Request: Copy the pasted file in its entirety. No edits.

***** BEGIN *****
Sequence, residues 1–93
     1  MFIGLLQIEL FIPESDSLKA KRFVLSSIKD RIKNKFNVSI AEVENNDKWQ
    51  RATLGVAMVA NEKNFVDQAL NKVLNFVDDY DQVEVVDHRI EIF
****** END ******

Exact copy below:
Sequence, residues 1–93
     1  MFIGLLQIEL FIPESDSLKA KRFVLSSIKD RIKNKFNVSI AEVENNDKWQ
    51  RATLGVAMVA NEKNFVDQAL NKVLNFVDDY DQVEVVDHRI EIF